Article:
The shortage of U.S. graduates in the Science/Technology/Engineering/Mathematics (STEM) fields is well documented. Since the lack of engineering know-how may jeopardize a firm’s ability to innovate, and directly lead to a decrease in job creation in other technology based fields, the need for future scientists and engineers is particularly strong. In fact, recent polls from leading employers demonstrate that engineering positions are some of the hardest to fill. As a result, students graduating with engineering degrees are in high demand and are rewarded with high starting salaries.
There are a variety of career paths for engineers. Some perform pure research and are typically employed by companies with large investments in research and development, such as General Electric, 3M or Dupont. Many engineers work in product development, where they design components, assemblies, electro-mechanical devices, software or whole physical systems. Some perform process engineering functions, where they design the production processes used in manufacturing, such as oil refineries or appliance manufacturers. Some work on the marketing or sales side of an organization, performing tasks such as technical marketing, product training and product management. It all depends on the engineer’s career aspirations and areas of interest. Some may enjoy the lab setting, some may want to be in a factory or field setting, and others may want to work closely with customers. Over time some engineers may become project engineers where they manage the development and implementation of large scale projects, some may take on departmental management roles, while others may choose to remain close to their original job responsibilities.
At King's College, our goal is to prepare you to become an effective engineer, and provide you with the education and experiences that will foster your development as a successful professional in the dynamic environment that is engineering.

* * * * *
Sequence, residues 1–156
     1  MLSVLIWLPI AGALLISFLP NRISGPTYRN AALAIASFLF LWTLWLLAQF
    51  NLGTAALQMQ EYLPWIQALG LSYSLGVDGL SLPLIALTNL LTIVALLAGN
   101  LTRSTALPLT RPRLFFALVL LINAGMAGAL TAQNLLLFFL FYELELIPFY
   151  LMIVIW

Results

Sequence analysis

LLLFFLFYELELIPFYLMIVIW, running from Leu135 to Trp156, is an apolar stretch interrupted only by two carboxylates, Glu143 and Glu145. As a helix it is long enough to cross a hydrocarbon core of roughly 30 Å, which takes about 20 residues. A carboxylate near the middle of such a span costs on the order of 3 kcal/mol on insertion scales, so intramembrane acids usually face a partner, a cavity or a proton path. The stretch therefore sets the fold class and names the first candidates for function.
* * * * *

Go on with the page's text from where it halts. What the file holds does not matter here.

Preparation for Professional Engineer Licensure
The curriculum has been developed to prepare students for a career in engineering, with an emphasis on professional licensure. Each state has its own distinct set of requirements for licensing professional engineers, but most are based on the following four-step process:
- Earn a degree from an ABET-accredited engineering program,
- Pass the Fundamentals of Engineering (FE) exam, in the appropriate discipline,
- Gain acceptable work experience, typically a minimum of four years (in most cases, this must be completed under the supervision of a Professional Engineer), and
- Pass the Professional Engineer (PE) exam in the appropriate discipline.
The Fundamentals of Engineering (FE) exam is the first step in the process leading to the Professional Engineer license. The FE exam is designed for recent graduates and students who are close to finishing an undergraduate engineering degree. The Professional Engineer (PE) exam tests examinees' ability to practice competently in a particular engineering discipline. The test is designed for engineers who have gained at least four years' post-college work experience in their chosen engineering discipline.
In Senior level courses, class time is devoted towards becoming familiar with, and preparing for taking, the FE exam.